Songwriting Instruction – Arrangements

Did you ever listen to one of those full blown orchestrated tunes and then after hearing a stripped down version it just didn’t have the same zing? The truth is, a lot of songs would be just plain boring as heck were it not for the arrangement. The trick is finding the right arrangement for the song you’ve written. It’s not as easy as you might think. Lots of professional arrangements, such as George Martin’s overdone strings on the Beatles’ “Long And Winding Road” have been slammed by critics. So don’t be too hard on yourself if your first efforts aren’t award winning. Hopefully, this article will get you on the right track.

What I usually do when trying to think of an arrangement for a song is try to hear what it sounds like in my head. For certain types of songs, such as ballads, a safe bet would be a nice soft string arrangement. If you’re writing a country song, a pedal steel guitar and fiddle will probably fit nicely. If you’re writing a hard rock tune, a couple of fuzz guitars, Hammond B3 Organ and some booming drums just might do the trick. Sure, this is all pretty stereotypical, but all these arrangements are great starting points.

The key to making your arrangement truly original is adding something unexpected to it. Take that great Yes tune, “Owner Of A Lonely Heart.” It was pretty typical Yes stuff until the break came and we hear the horn hits. Everybody was talking about it because it was so different…especially for them. Soon, many groups were actually copying this sound in all kinds of genres. And it doesn’t take much. A sound, an instrumentation, sometimes even just an effect can make all the difference in the world.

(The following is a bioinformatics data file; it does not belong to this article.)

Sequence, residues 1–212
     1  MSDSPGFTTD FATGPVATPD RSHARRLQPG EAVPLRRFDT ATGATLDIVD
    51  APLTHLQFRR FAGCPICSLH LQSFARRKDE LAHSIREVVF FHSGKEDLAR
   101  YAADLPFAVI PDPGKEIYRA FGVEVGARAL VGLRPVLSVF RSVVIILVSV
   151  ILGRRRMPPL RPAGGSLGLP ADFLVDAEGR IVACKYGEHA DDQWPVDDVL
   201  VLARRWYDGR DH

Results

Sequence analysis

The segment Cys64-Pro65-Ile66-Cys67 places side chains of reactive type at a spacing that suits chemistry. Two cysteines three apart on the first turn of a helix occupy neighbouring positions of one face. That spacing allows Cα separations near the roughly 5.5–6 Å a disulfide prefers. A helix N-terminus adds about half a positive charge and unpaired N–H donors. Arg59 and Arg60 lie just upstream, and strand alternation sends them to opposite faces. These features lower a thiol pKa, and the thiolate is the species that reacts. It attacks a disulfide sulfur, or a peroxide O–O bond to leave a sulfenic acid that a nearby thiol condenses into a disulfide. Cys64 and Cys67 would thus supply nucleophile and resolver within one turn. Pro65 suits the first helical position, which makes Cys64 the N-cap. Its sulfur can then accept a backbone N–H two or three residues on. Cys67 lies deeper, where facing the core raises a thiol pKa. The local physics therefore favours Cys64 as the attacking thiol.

If you’re stuck for an arrangement, think about the kind of song you’re writing and listen to other songs in that genre. Naturally, you want to look at the lyrics you’ve written to see what kind of sound would fit them best. Some lyrics can be interpreted in many ways, but then you have a few that lend themselves to only one sound. Many Gothic Rock lyrics are like that.

Bottom line is this. If the arrangement doesn’t fit, and more importantly enhance your song, the song itself can end up on the cutting room floor with all the other table scraps.

To YOUR Songwriting Success,

Steven Wagenheim